'What is Aleppo?': Libertarian Party presidential candidate sets a new bar for ignorance on the US campaign trail

Johnson has been winning significant support in the race for the White House

David Usborne
New York
Thursday 08 September 2016 13:59
Gov. Gary Johnson does not know what Aleppo is

Gary Johnson, the Libertarian candidate for president, has set a new bar for ignorance on the campaign trail, failing to recognise the name of the city at the heart of the tragedy that is Syria.

Mr Johnson, once Republican Governor of New Mexico, was on Morning Joe, a political breakfast show on MSNBC, when veteran journalist Mike Barnicle, posed a simple question: what would he do about Aleppo and the refugee crisis that the killings there have helped stir?

Not so simple, of course, if you have never heard of a place from whence wrenching pictures of human suffering - especially the suffering of small children - are beamed daily into households across the West, helping to drive political debate about the West’s failure to stanch the violence.

“What is Aleppo?” the silver-haired presidential hopeful inquired with no apparent embarrassment or shame. His face completely blank, he was perhaps asking himself if it was new brand of mosquito-borne disease he was not familiar with. Or was it perhaps a previously undiscovered heroin cocktail driving overdose numbers in the Midwest? Or a new brand of coffee?

Mr Barnicle responded in the only way possible. “You’re kidding me,” he offered, before starting to explain to the candidate, whose running mate, William Weld, is also a former Republican governor, from Massachusetts. The exchange came the morning after the two main candidates, HIllary Clinton and Donald Trump, sparred on foreign policy at a commander-in-chief forum televised live from New York City on Wednesday night, where the refugee crisis in Syria also received scant attention.

“OK, got it, got it,” Mr Johnson cut him off, presumably realising that with three small words he had just made himself the inevitable butt of ridicule for if not one news cycle then for several and possibly doomed any notion of his making real progress towards the White House.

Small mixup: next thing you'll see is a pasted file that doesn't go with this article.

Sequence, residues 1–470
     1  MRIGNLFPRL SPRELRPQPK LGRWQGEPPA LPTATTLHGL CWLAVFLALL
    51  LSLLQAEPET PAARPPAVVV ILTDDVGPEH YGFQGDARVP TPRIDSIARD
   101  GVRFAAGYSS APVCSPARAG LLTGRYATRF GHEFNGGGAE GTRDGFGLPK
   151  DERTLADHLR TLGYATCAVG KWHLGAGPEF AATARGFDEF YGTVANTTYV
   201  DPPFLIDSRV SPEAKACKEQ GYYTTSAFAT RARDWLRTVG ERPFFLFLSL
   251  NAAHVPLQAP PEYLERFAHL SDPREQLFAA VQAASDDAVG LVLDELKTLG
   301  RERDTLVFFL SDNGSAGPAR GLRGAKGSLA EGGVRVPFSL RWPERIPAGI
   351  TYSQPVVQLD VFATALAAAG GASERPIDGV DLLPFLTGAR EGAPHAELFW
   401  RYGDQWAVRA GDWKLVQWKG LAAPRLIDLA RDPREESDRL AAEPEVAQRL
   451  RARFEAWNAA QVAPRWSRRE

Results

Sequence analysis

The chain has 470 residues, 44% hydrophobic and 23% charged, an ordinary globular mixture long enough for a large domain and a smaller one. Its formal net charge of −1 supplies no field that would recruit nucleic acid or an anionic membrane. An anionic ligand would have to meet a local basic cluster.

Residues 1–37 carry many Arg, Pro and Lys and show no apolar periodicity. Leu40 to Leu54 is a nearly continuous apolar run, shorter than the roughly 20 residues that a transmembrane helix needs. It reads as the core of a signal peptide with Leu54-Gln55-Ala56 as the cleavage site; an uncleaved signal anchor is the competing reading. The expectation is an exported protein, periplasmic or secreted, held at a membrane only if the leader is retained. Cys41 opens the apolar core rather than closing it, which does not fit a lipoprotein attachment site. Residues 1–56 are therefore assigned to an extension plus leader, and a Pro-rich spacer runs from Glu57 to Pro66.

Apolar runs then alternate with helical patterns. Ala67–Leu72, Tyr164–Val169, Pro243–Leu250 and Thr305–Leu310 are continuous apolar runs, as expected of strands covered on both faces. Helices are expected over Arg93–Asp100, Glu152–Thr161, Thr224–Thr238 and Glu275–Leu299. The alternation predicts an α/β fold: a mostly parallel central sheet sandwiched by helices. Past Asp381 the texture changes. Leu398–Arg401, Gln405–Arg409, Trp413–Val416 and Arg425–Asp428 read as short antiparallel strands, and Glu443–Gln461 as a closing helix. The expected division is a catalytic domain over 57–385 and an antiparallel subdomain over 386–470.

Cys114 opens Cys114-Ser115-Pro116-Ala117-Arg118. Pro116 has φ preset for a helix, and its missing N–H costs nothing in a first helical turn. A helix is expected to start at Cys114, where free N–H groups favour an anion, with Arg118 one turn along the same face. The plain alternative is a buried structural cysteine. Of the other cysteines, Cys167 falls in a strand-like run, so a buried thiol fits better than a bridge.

“With regard to Syria I do think it's a mess,” he attempted. “I think that the only way that we deal with Syria is to join hands with Russia to diplomatically bring that at an end.” He went on: ”It's just a mess.”

With wisdom of the calibre offered by Mr Johnson, that Syria is a mess is surely no surprise. His suggestion that the answer might reside with greater US-Russia cooperation at least wasn’t totally out of left field; Mr Trump, who has distinguished himself by offering frequent praise to Vladimir Putin, thinks that would be a good idea too.

The stumble was especially poorly timed for Mr Johnson. It comes at at time when he and Mr Weld are desperately trying to push up their polling numbers to the 15 per cent national threshold at which they would be allowed to participate in the presidential debates that are now just around the corner.

They are not quite there yet, but their progress has been fairly impressive, possibly by dint of the entirely low approval marks that are earned by Mr Trump and his main competitor, Ms Clinton. Nationally, the Libertarians are at nearly 9 per cent, though Mr Johnson has been polling at about 25 per cent in his own New Mexico, only a few points adrift from the Republican.

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